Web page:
By Sr. Jeremy Gallet, S.P.
As a product of many years of Catholic education in Chicago, I often joined my classmates in the making of “Spiritual Bouquets” whenever our pastor, one of the priests, the principal, or teacher would celebrate a special day in their lives—such as a birthday, a feast day, or another special day—even Christmas or Easter. Sometimes we made them for our parents for Mother’s Day or Father’s Day.
This consisted of a card (usually handmade and often rendered in crayon) where we would list all the special kinds of prayers we wanted to offer for the person in question, as well as how many times we would perform these prayers or religious acts. These included Masses, Communions, a decade of the Rosary—or even a whole Rosary—Stations of the Cross, Novenas, Litanies, devotional prayers, visits to the Blessed Sacrament, and Spiritual Communions.
As a ten-year old, who accompanied my Mother and Grandmother to Mass and Holy Communion almost daily, I was somewhat puzzled by the last item—“Spiritual Communion.” I grew up in the 1950’s, where I had benefited from the vision of Pope Pius X who allowed children to receive their First Holy Communion around the age or 6 or 7 and urged frequent—or even daily—communion for all. This was a pretty big change for Catholics at that time. I had many older relatives who felt a great sense of unworthiness and would not approach the Communion rail unless they had gone to confession that week—whether they were guilty of mortal sin or not. But for me, a child who had benefitted from the insight and generosity of the Pope, I could not see why one would offer a Spiritual Communion when you could easily partake of the “real thing.”
Fast forward to the days of COVID 19.
Since the pandemic, I have only attended Mass and received communion a half dozen times, since I am in the “high risk” group of folks over 65, must work from home, and am sheltering in place most of the time. This has given me a new appreciation and understanding of the deeper meaning of Spiritual Communion.
As a result, I did a little research and was pleasantly surprised to find that many saints and theologians have written extensively about this practice. And that is what it is—a spiritual practice. Something you can do each day, or even many times a day, not just when we are watching a live-streamed Mass. As you practice this devotion, it will become something you are able to do more frequently and easily.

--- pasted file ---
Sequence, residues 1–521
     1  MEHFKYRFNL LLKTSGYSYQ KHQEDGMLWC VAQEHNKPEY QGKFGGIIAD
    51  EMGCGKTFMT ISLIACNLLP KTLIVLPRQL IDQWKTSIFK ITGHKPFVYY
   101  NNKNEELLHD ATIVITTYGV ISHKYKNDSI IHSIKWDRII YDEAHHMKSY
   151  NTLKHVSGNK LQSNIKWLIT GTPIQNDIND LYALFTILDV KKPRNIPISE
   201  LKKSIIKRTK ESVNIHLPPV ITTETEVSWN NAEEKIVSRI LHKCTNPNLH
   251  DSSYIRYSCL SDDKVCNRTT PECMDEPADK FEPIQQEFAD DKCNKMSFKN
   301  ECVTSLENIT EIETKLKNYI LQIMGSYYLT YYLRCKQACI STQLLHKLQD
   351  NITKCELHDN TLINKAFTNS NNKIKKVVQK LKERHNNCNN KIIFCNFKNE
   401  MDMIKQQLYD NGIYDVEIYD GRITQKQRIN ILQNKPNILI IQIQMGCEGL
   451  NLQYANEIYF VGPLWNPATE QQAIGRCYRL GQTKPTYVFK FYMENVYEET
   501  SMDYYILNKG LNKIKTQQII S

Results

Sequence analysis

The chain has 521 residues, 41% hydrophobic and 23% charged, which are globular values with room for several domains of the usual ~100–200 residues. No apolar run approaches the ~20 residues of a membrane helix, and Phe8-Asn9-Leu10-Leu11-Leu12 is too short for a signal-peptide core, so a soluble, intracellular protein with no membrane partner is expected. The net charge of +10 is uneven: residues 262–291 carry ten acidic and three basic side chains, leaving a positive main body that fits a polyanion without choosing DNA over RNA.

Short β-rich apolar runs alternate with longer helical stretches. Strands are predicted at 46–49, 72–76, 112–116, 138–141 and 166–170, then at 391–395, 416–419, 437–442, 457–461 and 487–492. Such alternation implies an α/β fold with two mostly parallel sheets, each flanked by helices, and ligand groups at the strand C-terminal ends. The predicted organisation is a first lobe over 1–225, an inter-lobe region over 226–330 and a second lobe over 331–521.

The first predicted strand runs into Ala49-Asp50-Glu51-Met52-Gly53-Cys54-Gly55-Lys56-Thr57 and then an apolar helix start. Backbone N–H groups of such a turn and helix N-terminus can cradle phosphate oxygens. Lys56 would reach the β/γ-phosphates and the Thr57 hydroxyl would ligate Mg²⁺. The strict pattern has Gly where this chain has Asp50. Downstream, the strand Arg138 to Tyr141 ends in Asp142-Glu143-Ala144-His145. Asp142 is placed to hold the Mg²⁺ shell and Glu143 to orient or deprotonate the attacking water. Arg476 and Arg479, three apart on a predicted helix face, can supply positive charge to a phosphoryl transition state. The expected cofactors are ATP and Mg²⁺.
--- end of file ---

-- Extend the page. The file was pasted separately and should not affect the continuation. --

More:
Saints who have written extensively on this subject include St. Teresa of Jesus who wrote “When you do not receive communion and you do not attend Mass, you can make a Spiritual Communion, which is a most beneficial practice: by it the love of God will be greatly impressed on you. [The Way of Perfection, Ch. 35.]
St. Josemaria Escrivá maintained that Spiritual Communion improves our experience of the presence of God, and St. John Vianney likened it to blowing on fire and embers that are starting to go out in order to make them burn again. Other writers who have written about Spiritual Communion include: Saint Padre Pio, St. Thomas Aquinas, and St. Alphonsus Liguori among many others. More recently St. Pope John Paul II in his beautiful encyclical Ecclesia de Eucharistia, states that the human desire to attain God is the basis of the practice of Spiritual Communion.
Mediating on the words of the Saints, we come to understand that God’s loving presence is not bound by time and space. It surrounds us everywhere and at every moment. “Where can I run from Your love?” asks the psalmist. (Psalm 139) As we offer our many prayers in these critical and difficult days, we grow in the realization that Spiritual Communion is not just a practice for ourselves alone, but something we can extend to others (especially in this time of social distancing and separation), uniting with them in the loving, all-embracing presence of Jesus in the Most Holy Eucharist.
So we pray:
I believe that You are present in the Most Holy Sacrament
I love You above all things,
and I desire to receive You into my soul. Since I cannot at this moment receive You sacramentally,
come at least spiritually
into my heart.
I embrace You as if
You were already there
and unite myself wholly to You.
Never permit me to
be separated from You.
Sr. Jeremy Gallet is a Sister of Providence and Director of the Diocesan Office of Worship.